February 21, 2024
Kurt Benson

Noah Lyles is carrying Track and Field and bringing excitement back to the Olympic Games (2 minute read)

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The Olympics, a global event that happens every four years where the greatest athletes on earth come together for the ultimate battle to stand on the top step and be crowned a Gold Medal Olympic Champion. There's something about Paris 2024 that has a different type of energy in the Track and Field world.

Well, come to think of it, the last memorable Olympic Games were in Rio in 2016. That's because Covid robbed the world of the Tokyo 2020 Olympics. Even though they happened a year later, in 2021, it was hardly the Olympic Games the world is used to seeing; not only were fans robbed, but the athletes themselves were. You train so hard for four years only to have your Olympic memory tainted by a global pandemic, not knowing if you will ever qualify again.

The entire world is somewhat familiar with the Olympics; think about all the greats such as Michael Phelps, Florence Griffith-Joyner, Usain Bolt, Carl Lewis, and Serena Williams, among many other legends. People from all around the world come together for events such as the 100M final, which lasts less than 10 seconds. Think about that athlete who has trained for years for one chance that lasts 10 seconds, not two halves or four quarters, nope, sub ten seconds. It's crazy.

At Tidal League, we have had the joy of working with some of the fastest people in humanity's history: Justin Gatlin, Asafa Powell, Usain Bolt, and Elaine Thompson-Herah. All four of those names are the fastest humans of all time. Specifically, with Justin Gatlin and his co-host Rodney Green, we have created the home of all things track and field with "Ready Set Go." A weekly show that has the most decorated sprinter of all time and an experienced coach talk through the lead-up to Paris 2024. Already not even two months into the year, we have seen multiple meets, from the New Balance GP to the USATF Indoor Championships. It has been busy, exciting, and competitive across multiple events; we are gearing up for an epic Olympic year.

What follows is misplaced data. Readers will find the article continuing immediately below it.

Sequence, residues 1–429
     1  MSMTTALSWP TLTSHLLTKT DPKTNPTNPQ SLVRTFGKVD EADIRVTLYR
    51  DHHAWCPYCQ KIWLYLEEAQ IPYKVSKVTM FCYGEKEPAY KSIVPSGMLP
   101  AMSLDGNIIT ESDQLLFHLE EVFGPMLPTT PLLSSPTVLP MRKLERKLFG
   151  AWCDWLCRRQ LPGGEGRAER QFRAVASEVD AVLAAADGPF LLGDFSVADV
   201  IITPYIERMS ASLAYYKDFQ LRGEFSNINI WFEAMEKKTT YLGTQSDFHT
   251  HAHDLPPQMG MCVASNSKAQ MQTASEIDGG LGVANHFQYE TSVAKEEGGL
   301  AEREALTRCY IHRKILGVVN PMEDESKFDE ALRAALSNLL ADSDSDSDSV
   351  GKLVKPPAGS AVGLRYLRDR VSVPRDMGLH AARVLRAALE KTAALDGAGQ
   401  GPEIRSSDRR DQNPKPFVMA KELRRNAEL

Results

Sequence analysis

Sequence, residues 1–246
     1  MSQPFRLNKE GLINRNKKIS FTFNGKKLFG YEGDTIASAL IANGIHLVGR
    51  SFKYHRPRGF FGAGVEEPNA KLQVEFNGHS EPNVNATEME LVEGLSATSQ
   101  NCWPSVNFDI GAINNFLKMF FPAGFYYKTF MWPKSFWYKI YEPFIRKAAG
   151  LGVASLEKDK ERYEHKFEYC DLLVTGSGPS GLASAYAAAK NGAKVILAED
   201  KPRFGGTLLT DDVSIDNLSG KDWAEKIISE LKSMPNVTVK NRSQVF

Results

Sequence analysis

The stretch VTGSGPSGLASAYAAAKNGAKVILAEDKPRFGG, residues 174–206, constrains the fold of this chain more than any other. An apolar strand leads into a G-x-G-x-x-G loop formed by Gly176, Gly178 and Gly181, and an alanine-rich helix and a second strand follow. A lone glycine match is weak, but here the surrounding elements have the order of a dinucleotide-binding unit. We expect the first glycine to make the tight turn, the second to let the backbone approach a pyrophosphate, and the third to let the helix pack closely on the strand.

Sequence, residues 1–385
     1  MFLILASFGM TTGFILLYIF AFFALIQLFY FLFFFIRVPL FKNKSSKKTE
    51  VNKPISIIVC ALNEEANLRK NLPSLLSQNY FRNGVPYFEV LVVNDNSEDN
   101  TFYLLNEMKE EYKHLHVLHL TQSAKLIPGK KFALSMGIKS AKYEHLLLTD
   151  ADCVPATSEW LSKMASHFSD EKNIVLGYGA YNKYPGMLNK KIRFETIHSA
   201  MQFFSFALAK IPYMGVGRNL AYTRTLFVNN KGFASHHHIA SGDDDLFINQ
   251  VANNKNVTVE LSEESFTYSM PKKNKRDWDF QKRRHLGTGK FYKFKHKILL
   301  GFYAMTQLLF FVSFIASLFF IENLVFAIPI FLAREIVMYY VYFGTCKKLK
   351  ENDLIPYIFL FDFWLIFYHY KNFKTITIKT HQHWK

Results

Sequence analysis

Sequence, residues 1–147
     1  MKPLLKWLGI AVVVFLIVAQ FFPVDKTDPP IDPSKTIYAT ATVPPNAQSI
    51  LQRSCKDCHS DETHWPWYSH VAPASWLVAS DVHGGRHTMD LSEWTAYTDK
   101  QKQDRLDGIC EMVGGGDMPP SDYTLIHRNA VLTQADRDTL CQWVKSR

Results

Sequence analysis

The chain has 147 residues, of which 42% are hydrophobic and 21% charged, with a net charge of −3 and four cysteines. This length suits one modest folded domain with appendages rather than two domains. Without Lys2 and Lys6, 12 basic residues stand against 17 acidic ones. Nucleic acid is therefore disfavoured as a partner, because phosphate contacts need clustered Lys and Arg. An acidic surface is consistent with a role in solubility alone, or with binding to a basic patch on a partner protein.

With Usain Bolt and Justin Gatlin retired, the 100M Men's final has been vacant and almost forgotten since 2016, but that all changed with Noah Lyles winning three major events at the World Championships in Budapest last year. Noah ran with Justin Gatlin but was still evolving and was always known as a 200M sprinter and not a 100M sprinter.

Over the last 12 months, he has put the sport on his back and brought back the swag that's been missing for almost ten years. Noah has been daring, loud, and confident with how he's carried the sport; he has made headlines on and off the track. Think about last summer when he called out the entire NBA for declaring themselves as World Champions when, in fact, they're not. Or calling out all his opponents and telling them he's going to beat them in their strong spots, or manifesting how he's going to conquer Usain Bolt's records. Noah Lyles has been a light of optimism for the sport of track and field. It is a sport almost everyone in the world participates in at least once in their lifetime, but it is still viewed as an amateur sport filled with lots of flaws that ultimately the athlete suffers from and pays the price for. Now, that's an entirely other conservation that we can revisit, back to Noah.

As I mentioned, Noah Lyles, traditionally known as a 200M sprinter, has now become the World Champion at both the 100M and 200M, and for him to become a Champion in the 100M is impressive as most 200M sprinters have great top speed but lack starting speed, hence taking longer to get out the blocks in a shorter distance. So, without getting too technical on you, what Noah has accomplished is incredible, and this year, he has taken it even further and become the world-leading 60M sprinter as well. So, to put that into perspective, he is now not just dominating at 200M but even at 60M, which makes for a highly anticipated Olympic Games.

The last time we saw someone win the 100M and 200M final, it was Usain Bolt. Will Noah Lyles become the next sprinter to do this and perhaps break Bolt's records? We shall see, but what I can tell you is if he does win, he will become the first American to win the 100M final since Justin Gatlin did it in Athens in 2004. Twenty years later, and even better, you can follow along with Justin as he breaks it down weekly on "Ready Set Go."

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